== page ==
The following regulations must be adhered to effective immediately:

· Passengers travelling to South Africa must be in possession of a passport with two unused pages required for endorsements. The two unused pages when presented for purposes of endorsing a port of entry visa, visa, permanent residence permit or entry of departure stamp.

· The passport must be machine readable however, the foreigner may be admitted into or depart from South Africa with a non-machine readable passport provided that:

(a)   He or she is from a foreign country that is issuing machine readable passports and has not completely phased out the non-machine readable passports; and

(b)   His or her passport was issued after 24 November 2005 and its date of expiry is before 24 November 2015.

· Any child who is in alternative care as defined in the Children’s Act, shall, before departing from the Republic of South Africa, produce a certified copy of an authorisation letter from the Provincial Head of the Department where the child resides as contemplated in section 169 of the Children’s Act.

· Where parents are travelling with a child, such parents must produce an unabridged birth certificate of the child reflecting the particulars of the parents of the child.

· In the case of one parent travelling with a child, he or she must produce an unabridged birth certificate and:

(a)   Consent in the form of an affidavit from the other parent registered as a parent on the birth certificate of the child authorizing him or her to enter into or depart from the Republic of South Africa with the child he or she is travelling with; 

(b)   A court order granting full parental responsibilities and rights or legal guardianship in respect of the child, if he or she is the parent or legal guardian of the child; or

(c)   Where applicable, a death certificate of the other parent registered as a parent of the child on the birth certificate,

· Provided that the Director-General may, where the parents of the child are both deceased and the child is travelling with a relative or another person related to him or her his or her parents, approve such a person to enter or depart the Republic with such a child.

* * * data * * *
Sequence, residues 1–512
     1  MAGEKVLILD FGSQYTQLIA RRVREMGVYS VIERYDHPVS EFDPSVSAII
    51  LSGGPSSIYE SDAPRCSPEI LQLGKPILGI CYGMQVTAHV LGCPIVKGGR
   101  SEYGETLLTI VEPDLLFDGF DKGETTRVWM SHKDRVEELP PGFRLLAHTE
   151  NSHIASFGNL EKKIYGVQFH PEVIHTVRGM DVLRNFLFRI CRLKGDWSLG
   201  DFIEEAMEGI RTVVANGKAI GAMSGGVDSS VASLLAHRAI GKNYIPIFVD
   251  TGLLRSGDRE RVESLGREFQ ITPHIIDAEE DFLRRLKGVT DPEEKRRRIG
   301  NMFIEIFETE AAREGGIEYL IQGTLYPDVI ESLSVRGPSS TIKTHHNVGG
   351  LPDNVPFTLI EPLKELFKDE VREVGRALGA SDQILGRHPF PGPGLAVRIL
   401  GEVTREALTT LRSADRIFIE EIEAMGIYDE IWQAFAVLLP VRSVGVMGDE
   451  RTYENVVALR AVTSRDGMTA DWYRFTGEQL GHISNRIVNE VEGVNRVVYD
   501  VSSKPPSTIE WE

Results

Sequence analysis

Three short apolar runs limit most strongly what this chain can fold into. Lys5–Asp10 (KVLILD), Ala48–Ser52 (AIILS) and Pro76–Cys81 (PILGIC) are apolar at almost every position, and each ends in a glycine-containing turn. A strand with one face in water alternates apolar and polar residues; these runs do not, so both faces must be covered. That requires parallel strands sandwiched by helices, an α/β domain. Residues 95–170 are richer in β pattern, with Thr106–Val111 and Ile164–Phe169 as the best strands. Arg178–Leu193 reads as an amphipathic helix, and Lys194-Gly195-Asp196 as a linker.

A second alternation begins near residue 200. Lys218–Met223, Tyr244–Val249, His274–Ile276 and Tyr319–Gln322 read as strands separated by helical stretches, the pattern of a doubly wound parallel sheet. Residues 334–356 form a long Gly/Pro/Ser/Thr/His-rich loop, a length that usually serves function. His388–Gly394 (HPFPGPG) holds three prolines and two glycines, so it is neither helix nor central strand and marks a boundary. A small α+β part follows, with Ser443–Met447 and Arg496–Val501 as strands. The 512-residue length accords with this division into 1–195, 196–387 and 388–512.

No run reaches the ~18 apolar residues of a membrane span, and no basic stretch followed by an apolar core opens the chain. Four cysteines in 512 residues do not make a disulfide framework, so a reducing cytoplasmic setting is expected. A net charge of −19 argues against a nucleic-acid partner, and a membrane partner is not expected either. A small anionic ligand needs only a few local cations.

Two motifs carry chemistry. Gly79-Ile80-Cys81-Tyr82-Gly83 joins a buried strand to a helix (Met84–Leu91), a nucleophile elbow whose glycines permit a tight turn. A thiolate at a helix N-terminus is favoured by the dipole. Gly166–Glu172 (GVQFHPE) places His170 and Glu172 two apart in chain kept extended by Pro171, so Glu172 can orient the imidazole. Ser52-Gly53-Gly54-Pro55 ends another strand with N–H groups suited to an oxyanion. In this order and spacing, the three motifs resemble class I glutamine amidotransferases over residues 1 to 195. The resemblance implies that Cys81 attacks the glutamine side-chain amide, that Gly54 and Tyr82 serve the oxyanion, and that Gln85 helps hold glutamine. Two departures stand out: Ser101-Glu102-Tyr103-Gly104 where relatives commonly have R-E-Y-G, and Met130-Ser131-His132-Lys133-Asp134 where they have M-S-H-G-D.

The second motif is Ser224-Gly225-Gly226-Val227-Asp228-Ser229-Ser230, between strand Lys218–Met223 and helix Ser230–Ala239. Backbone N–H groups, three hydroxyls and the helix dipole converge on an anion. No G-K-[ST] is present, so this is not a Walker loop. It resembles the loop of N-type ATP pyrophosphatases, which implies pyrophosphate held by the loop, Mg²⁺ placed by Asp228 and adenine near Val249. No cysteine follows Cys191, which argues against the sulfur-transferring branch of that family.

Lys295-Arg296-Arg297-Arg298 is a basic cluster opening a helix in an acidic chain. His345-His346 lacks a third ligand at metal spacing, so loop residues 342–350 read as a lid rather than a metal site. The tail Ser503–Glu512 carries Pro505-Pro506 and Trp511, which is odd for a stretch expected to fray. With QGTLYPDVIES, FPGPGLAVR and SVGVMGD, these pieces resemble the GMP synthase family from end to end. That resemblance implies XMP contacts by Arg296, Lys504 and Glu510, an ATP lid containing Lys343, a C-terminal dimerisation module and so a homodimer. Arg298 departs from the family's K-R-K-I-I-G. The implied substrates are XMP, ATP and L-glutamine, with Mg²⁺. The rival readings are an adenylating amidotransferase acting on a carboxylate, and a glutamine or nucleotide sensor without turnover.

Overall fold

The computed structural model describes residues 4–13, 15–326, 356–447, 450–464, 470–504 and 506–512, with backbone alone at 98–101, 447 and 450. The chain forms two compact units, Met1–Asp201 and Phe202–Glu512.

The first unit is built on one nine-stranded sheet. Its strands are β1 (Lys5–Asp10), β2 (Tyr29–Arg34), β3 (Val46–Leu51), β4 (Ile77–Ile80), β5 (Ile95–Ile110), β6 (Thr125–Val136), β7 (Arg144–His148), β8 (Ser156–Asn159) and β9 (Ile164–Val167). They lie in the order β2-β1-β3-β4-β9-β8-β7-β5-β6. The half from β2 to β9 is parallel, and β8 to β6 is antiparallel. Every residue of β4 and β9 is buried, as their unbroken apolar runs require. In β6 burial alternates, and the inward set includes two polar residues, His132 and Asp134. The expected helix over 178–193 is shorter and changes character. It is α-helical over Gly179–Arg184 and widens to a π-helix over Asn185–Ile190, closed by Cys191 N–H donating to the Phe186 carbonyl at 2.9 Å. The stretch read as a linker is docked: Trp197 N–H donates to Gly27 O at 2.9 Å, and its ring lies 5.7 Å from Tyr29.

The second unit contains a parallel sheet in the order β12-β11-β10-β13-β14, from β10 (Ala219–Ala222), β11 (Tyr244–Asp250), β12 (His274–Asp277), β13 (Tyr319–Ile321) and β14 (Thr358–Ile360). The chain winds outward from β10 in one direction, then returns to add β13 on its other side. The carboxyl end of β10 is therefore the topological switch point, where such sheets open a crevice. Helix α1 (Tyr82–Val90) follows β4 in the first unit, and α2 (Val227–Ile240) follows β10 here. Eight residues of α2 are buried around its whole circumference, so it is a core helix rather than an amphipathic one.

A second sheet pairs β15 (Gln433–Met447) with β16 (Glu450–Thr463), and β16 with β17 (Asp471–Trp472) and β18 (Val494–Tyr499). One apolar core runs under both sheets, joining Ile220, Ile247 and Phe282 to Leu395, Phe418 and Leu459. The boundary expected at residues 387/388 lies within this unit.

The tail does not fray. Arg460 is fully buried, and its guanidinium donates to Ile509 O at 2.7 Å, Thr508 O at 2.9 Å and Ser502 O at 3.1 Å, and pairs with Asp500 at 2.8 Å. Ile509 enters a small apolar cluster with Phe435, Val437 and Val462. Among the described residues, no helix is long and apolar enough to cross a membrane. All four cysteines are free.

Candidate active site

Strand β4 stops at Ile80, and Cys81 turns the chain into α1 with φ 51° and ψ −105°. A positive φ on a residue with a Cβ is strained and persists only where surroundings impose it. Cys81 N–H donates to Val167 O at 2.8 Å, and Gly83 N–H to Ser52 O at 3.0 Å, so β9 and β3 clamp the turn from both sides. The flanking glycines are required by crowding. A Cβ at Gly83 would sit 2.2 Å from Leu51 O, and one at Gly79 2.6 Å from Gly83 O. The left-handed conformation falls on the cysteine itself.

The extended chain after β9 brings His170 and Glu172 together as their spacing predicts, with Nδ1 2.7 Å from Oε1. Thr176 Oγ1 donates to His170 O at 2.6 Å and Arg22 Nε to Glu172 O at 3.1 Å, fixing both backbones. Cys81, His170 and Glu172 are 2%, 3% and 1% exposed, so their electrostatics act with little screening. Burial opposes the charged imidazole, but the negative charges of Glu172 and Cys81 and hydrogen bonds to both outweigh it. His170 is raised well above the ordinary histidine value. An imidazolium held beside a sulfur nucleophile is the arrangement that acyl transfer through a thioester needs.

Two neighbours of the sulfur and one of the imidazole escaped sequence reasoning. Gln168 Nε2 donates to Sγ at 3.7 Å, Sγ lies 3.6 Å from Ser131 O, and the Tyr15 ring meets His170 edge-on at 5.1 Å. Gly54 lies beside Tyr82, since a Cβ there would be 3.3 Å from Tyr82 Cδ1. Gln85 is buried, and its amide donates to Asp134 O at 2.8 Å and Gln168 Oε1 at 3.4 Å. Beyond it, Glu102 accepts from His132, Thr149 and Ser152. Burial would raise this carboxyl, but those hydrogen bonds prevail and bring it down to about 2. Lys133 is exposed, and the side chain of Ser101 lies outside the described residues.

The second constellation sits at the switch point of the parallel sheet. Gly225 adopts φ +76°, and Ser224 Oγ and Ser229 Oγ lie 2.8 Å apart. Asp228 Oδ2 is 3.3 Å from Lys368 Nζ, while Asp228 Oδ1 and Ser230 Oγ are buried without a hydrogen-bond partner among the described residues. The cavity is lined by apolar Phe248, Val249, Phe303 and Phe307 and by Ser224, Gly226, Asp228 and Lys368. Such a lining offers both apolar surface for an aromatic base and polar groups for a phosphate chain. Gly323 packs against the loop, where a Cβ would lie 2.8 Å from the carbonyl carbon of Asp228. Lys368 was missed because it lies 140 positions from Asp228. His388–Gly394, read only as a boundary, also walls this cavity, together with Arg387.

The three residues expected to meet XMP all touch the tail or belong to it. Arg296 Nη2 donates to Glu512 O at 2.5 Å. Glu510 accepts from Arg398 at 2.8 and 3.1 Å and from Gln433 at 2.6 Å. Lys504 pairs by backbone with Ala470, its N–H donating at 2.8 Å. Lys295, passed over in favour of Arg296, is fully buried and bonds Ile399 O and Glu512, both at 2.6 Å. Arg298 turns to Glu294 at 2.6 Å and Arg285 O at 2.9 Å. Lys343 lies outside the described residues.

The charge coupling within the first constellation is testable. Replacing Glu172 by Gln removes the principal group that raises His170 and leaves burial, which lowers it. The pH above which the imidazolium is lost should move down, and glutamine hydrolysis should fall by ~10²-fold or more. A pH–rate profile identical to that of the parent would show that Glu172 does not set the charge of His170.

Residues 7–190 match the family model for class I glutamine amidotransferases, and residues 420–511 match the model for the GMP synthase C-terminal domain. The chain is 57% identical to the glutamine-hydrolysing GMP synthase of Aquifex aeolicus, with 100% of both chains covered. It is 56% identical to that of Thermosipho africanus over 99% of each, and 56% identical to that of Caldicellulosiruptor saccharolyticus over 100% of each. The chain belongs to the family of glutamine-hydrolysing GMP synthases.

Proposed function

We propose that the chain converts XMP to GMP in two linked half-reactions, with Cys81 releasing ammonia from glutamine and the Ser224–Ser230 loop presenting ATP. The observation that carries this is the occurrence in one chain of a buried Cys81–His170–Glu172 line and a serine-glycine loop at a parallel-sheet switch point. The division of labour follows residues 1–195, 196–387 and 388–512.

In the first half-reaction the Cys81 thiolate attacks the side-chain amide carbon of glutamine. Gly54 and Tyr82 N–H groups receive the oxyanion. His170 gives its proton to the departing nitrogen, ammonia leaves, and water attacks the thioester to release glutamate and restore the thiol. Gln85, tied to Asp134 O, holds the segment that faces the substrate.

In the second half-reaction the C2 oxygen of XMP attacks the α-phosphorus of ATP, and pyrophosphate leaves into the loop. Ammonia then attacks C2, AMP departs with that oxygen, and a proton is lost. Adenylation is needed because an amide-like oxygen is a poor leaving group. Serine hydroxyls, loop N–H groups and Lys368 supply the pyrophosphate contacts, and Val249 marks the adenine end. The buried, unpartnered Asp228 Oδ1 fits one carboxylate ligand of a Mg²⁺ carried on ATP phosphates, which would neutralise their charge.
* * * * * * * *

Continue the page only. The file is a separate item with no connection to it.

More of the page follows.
· Where a person is travelling with a child who is not his or her biological child, he or she must produce:

(a)   A copy of the unabridged birth certificate of the child;

(b)   An affidavit from the parents or legal guardian of the child confirming that he or she has   permission to travel with the child;

(c)   Copies of the identity documents or passports of the parents or legal guardian of the child; and

(d)   The contact details of the parents or legal guardian of the child,

· Provided that the Director-General may, where the parents of the child are both deceased and the child is travelling with a relative or another person related to him or her his or her parents, approve such a person to enter or depart the Republic with such a child.

· Any unaccompanied minor shall produce to the immigration officer:

(a)   Proof of consent from one or both his or her parents or legal guardian, as the case may be, in the form of a letter or affidavit for the child to travel into or depart from the Republic: Provided that in the case where one parent provides proof of consent, that parent must also provide a copy of a court order issued to him or her in terms of which he or she has been granted full parental responsibilities and rights in respect of the child;